A new paper published by the Federal Reserve Bank of Atlanta is making unusual claims about workplace compensation. The paper, which looks at average wages amongst former smokers, current smokers, and nonsmokers, claims that workers that kicked the habit tend to earn more than their peers.
It’s a welcome anti-smoking message with real financial benefits – at least, until you look a little further into the data. Far from suggesting that nonsmokers are the best compensated workers in the country, the report indicates that former smokers earn more money, on average, than people who have never smoked cigarettes.
The study looked at the average earnings of thousands of professionals over a 19-year period stretching from 1992 to 2011. The data indicated that former smokers earn approximately 5 percent more than their nonsmoking peers. People that still smoke, however, earn 15 percent less than professionals that don’t smoke.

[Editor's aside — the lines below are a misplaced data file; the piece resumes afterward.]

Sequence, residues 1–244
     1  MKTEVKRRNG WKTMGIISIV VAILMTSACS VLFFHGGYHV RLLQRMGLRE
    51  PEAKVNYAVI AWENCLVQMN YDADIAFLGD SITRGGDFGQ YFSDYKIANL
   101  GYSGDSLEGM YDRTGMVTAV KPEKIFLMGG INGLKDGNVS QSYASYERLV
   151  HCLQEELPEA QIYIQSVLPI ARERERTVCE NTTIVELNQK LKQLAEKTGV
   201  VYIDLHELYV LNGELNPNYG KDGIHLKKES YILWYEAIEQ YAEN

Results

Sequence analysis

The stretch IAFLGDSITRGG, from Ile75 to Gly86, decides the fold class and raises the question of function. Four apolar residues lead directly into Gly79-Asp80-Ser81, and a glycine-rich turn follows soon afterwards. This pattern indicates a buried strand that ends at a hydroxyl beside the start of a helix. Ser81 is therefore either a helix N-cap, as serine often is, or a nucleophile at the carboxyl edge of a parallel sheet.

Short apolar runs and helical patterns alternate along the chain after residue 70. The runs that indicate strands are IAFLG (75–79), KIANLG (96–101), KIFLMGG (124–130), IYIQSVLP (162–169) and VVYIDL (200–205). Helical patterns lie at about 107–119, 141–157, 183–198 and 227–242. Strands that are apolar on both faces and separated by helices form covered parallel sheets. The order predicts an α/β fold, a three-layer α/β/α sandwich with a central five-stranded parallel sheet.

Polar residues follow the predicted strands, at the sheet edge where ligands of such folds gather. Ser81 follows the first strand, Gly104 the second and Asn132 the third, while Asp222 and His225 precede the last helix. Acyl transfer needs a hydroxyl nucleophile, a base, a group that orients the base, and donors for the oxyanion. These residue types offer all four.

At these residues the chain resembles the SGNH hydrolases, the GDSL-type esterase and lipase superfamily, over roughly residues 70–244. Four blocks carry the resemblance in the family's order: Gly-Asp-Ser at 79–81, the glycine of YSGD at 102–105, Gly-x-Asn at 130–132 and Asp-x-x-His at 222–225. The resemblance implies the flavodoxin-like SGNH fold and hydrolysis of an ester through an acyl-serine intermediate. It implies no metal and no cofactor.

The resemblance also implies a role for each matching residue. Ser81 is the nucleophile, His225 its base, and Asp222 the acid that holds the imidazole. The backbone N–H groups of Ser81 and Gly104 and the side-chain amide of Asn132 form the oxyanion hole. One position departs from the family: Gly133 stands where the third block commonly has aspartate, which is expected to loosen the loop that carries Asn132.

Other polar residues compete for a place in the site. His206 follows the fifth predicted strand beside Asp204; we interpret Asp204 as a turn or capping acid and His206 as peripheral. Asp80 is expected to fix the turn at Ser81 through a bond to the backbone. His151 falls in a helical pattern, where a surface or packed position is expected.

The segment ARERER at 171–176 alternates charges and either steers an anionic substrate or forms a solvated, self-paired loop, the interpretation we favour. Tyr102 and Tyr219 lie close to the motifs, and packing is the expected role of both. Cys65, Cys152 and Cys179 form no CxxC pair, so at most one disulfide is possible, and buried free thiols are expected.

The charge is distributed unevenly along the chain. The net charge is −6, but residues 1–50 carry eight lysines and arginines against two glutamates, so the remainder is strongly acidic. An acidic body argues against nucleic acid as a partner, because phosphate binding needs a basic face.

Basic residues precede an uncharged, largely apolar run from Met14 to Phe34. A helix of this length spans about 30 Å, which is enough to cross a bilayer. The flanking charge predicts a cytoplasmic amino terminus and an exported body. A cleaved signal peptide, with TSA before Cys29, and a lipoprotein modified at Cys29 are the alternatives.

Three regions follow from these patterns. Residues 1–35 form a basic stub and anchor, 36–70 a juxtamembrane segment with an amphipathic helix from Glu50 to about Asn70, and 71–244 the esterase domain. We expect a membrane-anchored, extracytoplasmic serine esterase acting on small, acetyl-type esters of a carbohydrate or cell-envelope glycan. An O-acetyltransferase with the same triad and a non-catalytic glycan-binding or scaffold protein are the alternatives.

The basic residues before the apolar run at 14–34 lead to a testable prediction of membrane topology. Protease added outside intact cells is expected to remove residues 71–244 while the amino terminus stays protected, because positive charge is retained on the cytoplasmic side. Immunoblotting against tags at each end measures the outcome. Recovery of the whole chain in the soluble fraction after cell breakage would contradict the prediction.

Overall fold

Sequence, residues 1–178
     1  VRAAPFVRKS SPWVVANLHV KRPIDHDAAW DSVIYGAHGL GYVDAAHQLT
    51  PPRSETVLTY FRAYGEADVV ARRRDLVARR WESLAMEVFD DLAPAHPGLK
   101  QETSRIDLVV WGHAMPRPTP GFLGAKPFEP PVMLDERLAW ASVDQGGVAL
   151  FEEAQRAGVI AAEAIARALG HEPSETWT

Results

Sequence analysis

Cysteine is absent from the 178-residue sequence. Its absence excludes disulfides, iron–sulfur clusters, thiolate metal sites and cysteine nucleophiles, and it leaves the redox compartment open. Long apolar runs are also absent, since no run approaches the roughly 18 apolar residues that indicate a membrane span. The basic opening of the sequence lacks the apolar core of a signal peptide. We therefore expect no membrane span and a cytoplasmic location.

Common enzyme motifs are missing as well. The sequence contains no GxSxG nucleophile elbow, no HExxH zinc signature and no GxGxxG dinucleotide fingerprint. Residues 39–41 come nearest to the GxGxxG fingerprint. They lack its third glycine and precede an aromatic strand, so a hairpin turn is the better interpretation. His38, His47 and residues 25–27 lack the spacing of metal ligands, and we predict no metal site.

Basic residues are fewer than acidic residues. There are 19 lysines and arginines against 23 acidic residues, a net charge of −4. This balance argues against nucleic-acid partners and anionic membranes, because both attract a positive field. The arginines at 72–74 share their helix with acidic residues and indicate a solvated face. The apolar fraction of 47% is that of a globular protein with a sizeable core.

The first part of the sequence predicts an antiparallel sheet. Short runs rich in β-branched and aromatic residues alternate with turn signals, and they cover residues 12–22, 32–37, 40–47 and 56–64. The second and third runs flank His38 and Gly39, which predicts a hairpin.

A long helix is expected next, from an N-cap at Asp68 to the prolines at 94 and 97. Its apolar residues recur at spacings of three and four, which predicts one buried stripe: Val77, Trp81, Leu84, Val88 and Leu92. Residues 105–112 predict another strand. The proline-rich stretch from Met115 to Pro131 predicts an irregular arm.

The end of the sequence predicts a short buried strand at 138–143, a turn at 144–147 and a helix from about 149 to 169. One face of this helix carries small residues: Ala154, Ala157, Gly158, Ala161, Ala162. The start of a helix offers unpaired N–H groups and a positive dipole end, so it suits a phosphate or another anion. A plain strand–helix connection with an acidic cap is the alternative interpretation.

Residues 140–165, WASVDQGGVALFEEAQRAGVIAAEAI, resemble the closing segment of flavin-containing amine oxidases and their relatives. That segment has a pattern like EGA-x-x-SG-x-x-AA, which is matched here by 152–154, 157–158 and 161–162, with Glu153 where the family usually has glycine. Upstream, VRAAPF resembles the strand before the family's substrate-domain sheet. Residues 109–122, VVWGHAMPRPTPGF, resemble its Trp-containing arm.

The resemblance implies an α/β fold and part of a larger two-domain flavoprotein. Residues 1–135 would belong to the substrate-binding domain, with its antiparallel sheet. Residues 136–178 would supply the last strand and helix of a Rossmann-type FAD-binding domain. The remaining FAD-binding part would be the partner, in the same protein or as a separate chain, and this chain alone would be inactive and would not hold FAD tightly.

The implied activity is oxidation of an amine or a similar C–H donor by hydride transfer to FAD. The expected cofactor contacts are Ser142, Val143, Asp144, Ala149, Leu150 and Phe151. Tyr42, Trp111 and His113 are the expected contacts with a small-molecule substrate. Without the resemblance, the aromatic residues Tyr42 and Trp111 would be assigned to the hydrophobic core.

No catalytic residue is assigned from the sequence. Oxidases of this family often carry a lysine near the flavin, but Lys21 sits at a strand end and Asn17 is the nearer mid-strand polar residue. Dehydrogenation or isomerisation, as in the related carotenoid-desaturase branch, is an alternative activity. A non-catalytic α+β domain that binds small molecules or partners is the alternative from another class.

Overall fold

The data raises some interesting conclusions, and the economists behind it are quick to clarify their findings. Ms. Julie L Hotchkiss and Ms. Melinda Pitts claim that there’s no discernible link between the amount that a person smokes and their ability to be productive in the workplace, or any other performance-driven wage difference.
What is different, however, is the level of educational attainment between smokers and nonsmokers. Factors such as employer tolerance of smoking, which has steadily dropped over the past two decades, may also play a role in the large compensation gap between smokers and nonsmokers.
Explaining the higher salaries of former smokers, the researchers believe that many of the personality traits that cause someone to give up an addictive habit can lead to greater workplace performance. Employees that quit smoking are more focused and dedicated to their jobs, as well as boasting a greater degree of self-control.